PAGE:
Silverfish, in the Order Zygentoma (formerly in the order Thysanura, with the bristletails, of previous BOTW fame), have been around for a very long time. They’re tied, in fact, with springtails for the title of “Oldest Insect Fossil” (depending on how liberally you define insects). About 400 million years.
Most insects have wings, and the ancestors of most of today’s wingless insects once had wings. Insects like silverfish are called “primitively wingless” because neither they nor their ancestors ever had wings. They do have 6 short legs and 3 body parts and segmented bodies, and although their status has been debated for a long time, they are generally considered to be a primitive insect.
Silverfish are spindle/carrot-shaped and flat (the better to squeeze through snug spots), and their antennae and “tails” (two lateral, sensory cerci and a medial filament) are shorter than their body. They’re covered with scales that give them a metallic gray “finish” (the English call them “silver ladies”) and that detach easily when predators try to grab them. They locomote pretty fast on a horizontal surface but don’t jump or climb up walls. Sue Hubbell, in Broadsides from the Other Orders, calls them the “greased pig of bug-dom.” She says that they have a “practical form that enabled them to get on in the world, suited to the changes and challenges the world has offered.” She labels them conservative and successful, socially gregarious and “eagerly cannibalistic.” In short – they’ll probably be here when we are not.
There are about 120 species of silverfish worldwide, 18 in North America. Your common, household silverfish — the one that caused the BugLady’s Sainted Granny to store her daughters’ luggage in the garage when they came home from college — is Lepisma saccharina (“sugar-taker”), the only species in its genus in the US. It lives in damp (relative humidity 75% to 95%), cool places, preferably indoors, where it feeds on house dust, bits of dried vegetation, dandruff, sawdust, starch (which it gleans from wallpaper paste and from the glues used in book-binding), and on those small insect body parts that get restaurants in trouble. Silverfish can go without food and water for weeks, and without food for a year if they have water. Hubbell says that back in the olden days, when men wore heavily-starched, detachable collars, it was common to open the collar drawer and watch multitudes of silverfish racing for the shadows (and that a lot of what has been written about them is more than 60 years old). They are eaten by spiders, house centipedes, and earwigs.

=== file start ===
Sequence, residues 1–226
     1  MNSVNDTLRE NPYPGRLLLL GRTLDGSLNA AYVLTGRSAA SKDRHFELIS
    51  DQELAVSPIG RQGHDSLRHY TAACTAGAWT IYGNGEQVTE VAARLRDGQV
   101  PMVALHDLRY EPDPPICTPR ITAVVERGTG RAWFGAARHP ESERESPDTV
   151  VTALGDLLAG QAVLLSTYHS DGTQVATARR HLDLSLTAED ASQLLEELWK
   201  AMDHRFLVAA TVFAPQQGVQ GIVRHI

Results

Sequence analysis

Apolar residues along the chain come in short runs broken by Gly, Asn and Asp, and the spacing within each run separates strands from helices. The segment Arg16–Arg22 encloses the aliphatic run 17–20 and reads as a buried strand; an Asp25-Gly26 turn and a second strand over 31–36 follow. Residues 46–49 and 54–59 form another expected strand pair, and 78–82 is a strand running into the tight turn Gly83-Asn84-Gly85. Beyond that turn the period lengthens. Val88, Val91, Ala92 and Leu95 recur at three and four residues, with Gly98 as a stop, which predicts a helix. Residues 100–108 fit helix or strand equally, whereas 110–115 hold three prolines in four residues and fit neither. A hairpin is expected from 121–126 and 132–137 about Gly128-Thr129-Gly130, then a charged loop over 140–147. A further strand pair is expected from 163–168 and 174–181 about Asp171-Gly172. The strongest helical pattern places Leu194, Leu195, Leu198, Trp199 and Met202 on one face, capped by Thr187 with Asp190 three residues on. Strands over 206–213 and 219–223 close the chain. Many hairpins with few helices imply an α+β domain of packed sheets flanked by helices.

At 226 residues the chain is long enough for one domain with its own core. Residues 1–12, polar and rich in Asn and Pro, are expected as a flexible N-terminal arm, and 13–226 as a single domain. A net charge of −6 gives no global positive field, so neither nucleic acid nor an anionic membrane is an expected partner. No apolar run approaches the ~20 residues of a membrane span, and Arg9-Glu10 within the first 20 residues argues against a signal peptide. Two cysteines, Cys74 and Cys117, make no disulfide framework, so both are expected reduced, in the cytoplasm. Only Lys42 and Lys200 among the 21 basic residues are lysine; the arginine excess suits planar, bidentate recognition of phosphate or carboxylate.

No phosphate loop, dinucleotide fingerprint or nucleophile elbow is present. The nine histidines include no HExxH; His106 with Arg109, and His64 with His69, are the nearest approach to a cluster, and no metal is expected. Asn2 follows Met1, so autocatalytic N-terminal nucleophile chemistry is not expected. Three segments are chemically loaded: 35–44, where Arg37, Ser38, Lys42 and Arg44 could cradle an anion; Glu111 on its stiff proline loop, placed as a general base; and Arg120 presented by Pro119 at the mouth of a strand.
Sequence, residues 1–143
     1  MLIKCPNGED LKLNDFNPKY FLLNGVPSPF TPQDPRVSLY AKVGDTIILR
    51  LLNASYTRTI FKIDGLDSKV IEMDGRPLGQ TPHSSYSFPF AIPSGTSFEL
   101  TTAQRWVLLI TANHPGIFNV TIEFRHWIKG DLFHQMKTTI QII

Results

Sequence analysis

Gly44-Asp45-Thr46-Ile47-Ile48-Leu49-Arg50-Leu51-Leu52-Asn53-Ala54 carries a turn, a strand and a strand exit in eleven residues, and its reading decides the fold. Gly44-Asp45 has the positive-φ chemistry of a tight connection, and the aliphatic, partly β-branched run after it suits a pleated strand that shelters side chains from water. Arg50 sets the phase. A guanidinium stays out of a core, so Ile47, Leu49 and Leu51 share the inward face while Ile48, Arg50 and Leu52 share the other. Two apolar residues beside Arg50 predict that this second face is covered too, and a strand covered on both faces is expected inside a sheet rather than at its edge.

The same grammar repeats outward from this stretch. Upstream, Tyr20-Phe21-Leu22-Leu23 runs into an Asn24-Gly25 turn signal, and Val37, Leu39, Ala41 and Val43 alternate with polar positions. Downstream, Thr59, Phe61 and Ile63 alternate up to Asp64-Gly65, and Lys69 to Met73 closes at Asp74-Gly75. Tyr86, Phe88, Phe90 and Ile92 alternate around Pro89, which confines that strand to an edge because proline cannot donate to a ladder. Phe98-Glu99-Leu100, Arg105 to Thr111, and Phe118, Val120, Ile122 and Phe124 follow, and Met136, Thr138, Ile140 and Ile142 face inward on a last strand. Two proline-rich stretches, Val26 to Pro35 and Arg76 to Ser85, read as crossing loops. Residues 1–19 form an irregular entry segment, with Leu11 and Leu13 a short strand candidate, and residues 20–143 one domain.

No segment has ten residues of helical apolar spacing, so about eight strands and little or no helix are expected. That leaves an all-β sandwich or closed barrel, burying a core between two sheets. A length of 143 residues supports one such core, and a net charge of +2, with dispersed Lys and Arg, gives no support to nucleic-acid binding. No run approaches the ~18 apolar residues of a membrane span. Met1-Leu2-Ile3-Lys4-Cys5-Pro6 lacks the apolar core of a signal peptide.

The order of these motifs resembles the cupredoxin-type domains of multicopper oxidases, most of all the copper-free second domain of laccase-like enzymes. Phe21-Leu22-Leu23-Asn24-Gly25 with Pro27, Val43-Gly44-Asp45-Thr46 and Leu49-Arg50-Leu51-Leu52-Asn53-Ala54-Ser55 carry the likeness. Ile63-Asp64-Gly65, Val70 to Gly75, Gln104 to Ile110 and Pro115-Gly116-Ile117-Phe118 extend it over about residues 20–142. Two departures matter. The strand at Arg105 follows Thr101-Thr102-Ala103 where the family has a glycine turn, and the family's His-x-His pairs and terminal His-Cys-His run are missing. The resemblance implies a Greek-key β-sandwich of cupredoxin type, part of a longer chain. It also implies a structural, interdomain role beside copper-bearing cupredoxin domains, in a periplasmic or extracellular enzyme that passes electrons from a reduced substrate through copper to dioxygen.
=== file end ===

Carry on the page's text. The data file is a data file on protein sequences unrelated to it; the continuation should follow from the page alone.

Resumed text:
The humble silverfish possesses an astonishing sensory system, much of which can be regenerated if necessary. According to Hubbell, it is essentially deaf and has eyes that indicate only light and dark (it prefers dark), but approximately six kinds of sense receptors in its antennae tell it about the size and shape of the spaces it moves through, along with “many other things that are unknown to us in our largely visual and aural world.” She goes on to say that it possesses “an array of chemical and tactile sensitivities so varied and precise that we… …can have no real understanding of what a silverfish’s world is like.” In addition, the “slightest change in air current sets off sensory hairs” on a silverfish’s body. As its antennae navigate the dark spaces, its tail filaments drag behind, analyzing the substrate!
Scientists have discovered that silverfish can learn their way through a maze — unless their antennae or cerci have been removed.
And then there’s its ardent courtship – a dance in three parts. Advancing and retreating, with antennae and tail filaments waving and quivering, whirling their abdomens in a torrid choreography, the male and female court, part, and resume. Eventually, he spins threads from the tip of his abdomen and encloses a spermatophore (sperm packet). At his touch, the female advances into his web, picks up the spermatophore, and uses it to fertilize her eggs. She must dance each time she lays eggs.
She lays her eggs (as many as 100) in cracks and crevices, a few at a time. If she picks a hospitable microclimate, her eggs will hatch looking like mini adults and grow slowly (extra slowly here in the North). If not, her young will not develop properly within their eggs and will die while hatching. Silverfish live several years and molt more than a dozen times (as many as 60 times, some sources say). They are unusual among insects because they continue to shed their exoskeletons after becoming adults. A molting silverfish is, momentarily, a helpless silverfish, and it might get cannibalized if one of its confreres discovers it thus incapacitated.
Yes, they are considered pests (lots of folks just don’t like seeing something moving out of the corner of their eye, or the sight of critters making a break for the shadows when the lights go on, or the sight of a silverfish exiting a plate of cookies). One source points out that repeated use of chemicals to exterminate them results in tiny silverfish corpses and body parts decomposing in the carpet, which may be allergenic and which attract carpet beetles, “and the last state shall be worse than the first.”